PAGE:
This is a follow-up to yesterday’s post about the L.A. Times story on executive privilege. There are two levels to the issue: 1) has the President validly invoked executive privilege as to Harriet Miers, and 2) must a U.S. Attorney bring a contempt citation against Miers, despite the fact that the Justice Department’s articulated view is that she was privileged not to appear?
The article was primarily concerned with issue #2. Yesterday I discussed how the article painted a dramatic but utterly fraudulent picture of a brewing confrontation on this issue between the Bush administration and the U.S. Attorney for the District of Columbia. The article’s narrative portrayed the U.S. Attorney as “pitted against his bosses” on the issue of whether to pursue a contempt citation against Miers. Comically, there is no evidence that any such confrontation took place anywhere but in the editors’ minds. As I noted yesterday, for all we know, the U.S. Attorney in question agrees with the Department of Justice.
In today’s post, I want to highlight the lack of context that the story gives to the President’s actions. The article portrays the Bush administration’s actions as flying in the face of a law:
Despite a federal statute referring to the U.S. attorney’s duty to take contempt cases to the grand jury, they believe it would be impermissible under the law, and violate the doctrine of separation of powers under the Constitution.
An expert is later quoted saying that the statute is “unambiguous” in its requirement that contempt citations be referred to the grand jury. The article acknowledges that the Bush administration disagrees, but cites a Reagan-era memo as the only authority for the Bush administration’s position — as if two Republican administrations are the only ones to have held this view.
Not so. Namely, as Beldar says in this comment, the Bush Administration position is not a radical view of the law. Why, even Bill Clinton’s Justice Department agreed:
As to whether Congress can compel a U.S. Attorney to prosecute the Executive for defying a Congressional subpoena, this isn’t a Democrat vs. Republican issue. It’s an Executive vs. Congress issue, on which the Reagan, Clinton, and Bush-43 Administrations have all taken absolutely consistent positions. Saturday’s WaPo noted that:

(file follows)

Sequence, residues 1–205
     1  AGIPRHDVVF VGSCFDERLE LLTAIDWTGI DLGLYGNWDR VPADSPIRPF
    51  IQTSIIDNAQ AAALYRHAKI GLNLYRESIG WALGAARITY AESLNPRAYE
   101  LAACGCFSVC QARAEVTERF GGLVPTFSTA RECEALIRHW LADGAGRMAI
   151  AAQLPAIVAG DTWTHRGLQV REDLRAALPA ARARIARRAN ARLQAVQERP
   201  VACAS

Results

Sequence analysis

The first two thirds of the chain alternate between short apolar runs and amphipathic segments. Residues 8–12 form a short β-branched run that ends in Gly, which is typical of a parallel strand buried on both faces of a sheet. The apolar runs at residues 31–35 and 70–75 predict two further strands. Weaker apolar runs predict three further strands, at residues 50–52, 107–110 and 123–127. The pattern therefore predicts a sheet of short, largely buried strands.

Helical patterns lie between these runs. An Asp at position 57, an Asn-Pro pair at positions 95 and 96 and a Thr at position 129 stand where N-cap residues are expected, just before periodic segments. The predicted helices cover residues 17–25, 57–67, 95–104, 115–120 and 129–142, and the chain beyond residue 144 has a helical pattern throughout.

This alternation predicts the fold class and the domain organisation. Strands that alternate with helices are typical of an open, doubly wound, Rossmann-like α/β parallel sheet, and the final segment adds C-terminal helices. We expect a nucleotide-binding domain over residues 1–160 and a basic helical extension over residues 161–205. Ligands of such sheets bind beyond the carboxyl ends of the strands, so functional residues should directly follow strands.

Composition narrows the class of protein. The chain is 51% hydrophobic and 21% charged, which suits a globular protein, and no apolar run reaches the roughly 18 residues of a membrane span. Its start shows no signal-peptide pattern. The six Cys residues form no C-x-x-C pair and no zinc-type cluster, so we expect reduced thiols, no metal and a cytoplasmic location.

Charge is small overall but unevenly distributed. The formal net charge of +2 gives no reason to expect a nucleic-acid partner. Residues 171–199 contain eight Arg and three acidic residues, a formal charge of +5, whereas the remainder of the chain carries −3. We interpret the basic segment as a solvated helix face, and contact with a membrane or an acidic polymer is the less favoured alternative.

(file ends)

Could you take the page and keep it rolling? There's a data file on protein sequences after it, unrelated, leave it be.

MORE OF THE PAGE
But administration officials and other legal scholars, including some Democrats, noted that Justice Department lawyers in the Clinton administration made a similar argument during a controversy with Congress over the nomination of a federal judge.
Walter E. Dellinger III, who headed the Office of Legal Counsel at the Justice Department then, wrote in a 1995 legal opinion that “the criminal contempt of Congress statute does not apply to the President or presidential subordinates who assert executive privilege.”
That conclusion echoed a broader legal opinion issued 11 years earlier by then-Assistant Attorney General Theodore B. Olson, who headed the OLC during the first term of the Reagan administration.
This was, of course, printed on a Saturday and buried on page 3, since it would interfere with the Dems’ PR campaign for the WaPo to run a story that ought to have been headlined: “Bush Administration, Just Like Every Other, Refuses to Prosecute Itself Over Its Refusal to Be Congress’ Simpering Bitch.”
Beldar and the Washington Post make good points — but there’s even more evidence than that. The “broader legal opinion” cited by the Post also cited an example (at page 119) from the Eisenhower and John F. Kennedy administrations in which the Department of Justice refused to refer contempt of Congress citations to a grand jury. The memo also cites 1976 testimony from Assistant Attorney General Rex Lee, given during the Ford administration, to the effect that a valid invocation of executive privilege would justify a refusal to refer a citation to a grand jury.
In other words, this is not a new position, or a Republican (Reagan/Bush) position. It is the position advocated by at least six different administrations over the last 50 years — including JFK and Clinton.
Does the L.A. Times provide this context? Not on your life. Instead, we get seeming astonishment that the Bush administration would take this position, bolstered by the opinion of an expert.
About whom I will have more later this week. He and I have been discussing these issues, and I find his views quite startling in the breadth of the leeway he would give Congress to encroach on executive power. But that discussion will have to await a future post.
P.S. Beldar’s comment also provides a wealth of links addressing issue #1, presenting a strong case that the President’s invocation of privilege regarding Miers’s appearance is sound.
P.P.S. That longstanding position of at least six presidential administrations is described by our pal Glenn Greenwald as an “obviously radical position.” Well, there you have it, then.